Billionaire real-estate mogul and now presidential candidate Donald J. Trump is leading the Republican primary polls this summer. Yet, even as his numbers rise the majority of narratives I read online continue to reflect the idea that Trump “has no chance” and that he “shouldn’t be taken seriously.” But while much of the media seems to have written off Trump’s chances, I certainly have not.
After living through the (Republican) presidency of George W. Bush and (Democratic) presidency of Barack Obama, one glaring similarity presented itself above all others—my interests were no longer represented by either party. In the American political system, money buys influence and power. Unfortunately, I don’t make enough to have either. Ironically, it is Trump’s extensive wealth that gives him the unique opportunity to change this broken system.
Trump is the only candidate (on both sides) who won’t be vying for political funds in exchange for political favors. He has made it clear that he won’t be bought. When asked about campaign donations during the first major republican primary debate on Aug. 6, for example, Trump’s reply was refreshingly honest. “I give to everybody,” he said. “When they call, I give. And you know what? When I need something from them, two years later, three years later, I call them. They are there for me. And that’s a broken system.” A broken system indeed.
I’m not a member of the 1%, nor am I anti-immigrant or anti-women. Nevertheless, Trump has me convinced. As a millennial, an immigrant, and a New Yorker, I don’t seem to possess the characteristics of the Trump supporter stereotype. I’m not a member of the 1%, nor am I anti-immigrant or anti-women. Nevertheless, Trump has convinced me that he will provide the necessary leadership to help our country succeed. Of all the candidates arguably none have accomplished more or led more industries than Trump.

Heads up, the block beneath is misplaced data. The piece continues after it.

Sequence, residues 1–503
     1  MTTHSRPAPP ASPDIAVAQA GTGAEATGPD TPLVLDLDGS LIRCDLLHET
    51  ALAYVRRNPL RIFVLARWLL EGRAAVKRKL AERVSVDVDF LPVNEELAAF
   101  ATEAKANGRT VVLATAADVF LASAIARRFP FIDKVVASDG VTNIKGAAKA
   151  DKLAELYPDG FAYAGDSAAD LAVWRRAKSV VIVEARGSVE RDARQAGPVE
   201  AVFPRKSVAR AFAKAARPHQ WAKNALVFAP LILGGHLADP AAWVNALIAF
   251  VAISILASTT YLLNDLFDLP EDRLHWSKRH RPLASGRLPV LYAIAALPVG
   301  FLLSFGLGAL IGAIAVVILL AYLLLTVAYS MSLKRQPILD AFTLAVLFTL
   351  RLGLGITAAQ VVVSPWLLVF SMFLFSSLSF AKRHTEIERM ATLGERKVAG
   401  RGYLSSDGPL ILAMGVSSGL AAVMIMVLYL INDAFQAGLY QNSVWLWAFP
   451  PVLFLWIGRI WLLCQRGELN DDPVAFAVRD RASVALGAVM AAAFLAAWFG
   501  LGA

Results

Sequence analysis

As an immigrant who legally immigrated to this country, I strongly support Trump’s stance against illegal immigration. Illegal immigration has an unfair effect on legal immigration and the pursuit of the America dream. I don’t believe we can ever expand legal immigration if our resources continue to go to those who have accessed them illegally. Trump understands this and wants to crack down on illegal immigration so that legal immigrants can achieve the American Dream they deserve. Indeed, the idea that someone can cheat the system and be rewarded for it, while law-abiding individuals have their access stripped away, is something no American should support.
As a New Yorker, I struggle to find anyone on either side of the political aisle that truly understands me. New York has made me socially liberal in many ways—I abhor discriminatory policies based on sex, race, gender, etc. and strongly believe in the separation of church and state. Policies that are anti-gay marriage or anti-choice don’t represent my views. At the same time, after witnessing a despicable amount of corruption and waste in New York’s governance, I have become fiscally conservative. Thus, I am left looking for a candidate that is both socially liberal and fiscally conservative.
Trump’s more balanced positions are an opportunity for some much-needed compromise in a hopelessly polarized Washington. Trump is this candidate. Like me, he is fiscally conservative. And, like me, he is more influenced by his New York upbringing than by any religious motives. He has liberal-leaning tendencies (has often said gay employees should not be discriminated against) and even Republican Party leaders have criticized his lack of “conservatism.” And while Trump has also been criticized for “non-liberal” stances on abortion and gay marriage, remember that in 2008 Obama himself said he was against gay marriage. All candidates are forced to make statements by their political environment—statements they may or may not personally believe. I see Trump as the conservative candidate least likely to make any significant changes when it comes to social issues.
Ultimately, Trump’s more balanced positions are an opportunity for some much-needed compromise in a hopelessly polarized Washington. His urban upbringing gives me hope that he might actually fight for compromise on common sense issues, such as stricter gun control (Trump isn’t part of the gun culture although he has called himself a supporter of the Second Amendment), women’s health issues (Trump supports funding Planned Parenthood), increasing opportunities for the poor by taking back jobs from overseas and reforming the H-1B visa program.
These might be lofty expectations for a man with no political experience. Then again, political experience hasn’t worked out so well in Washington lately. With Congress’s approval ratings at sustained lows and polarization at abysmal highs, we need a drastic change in Washington. I believe Donald J. Trump as president could be that change.
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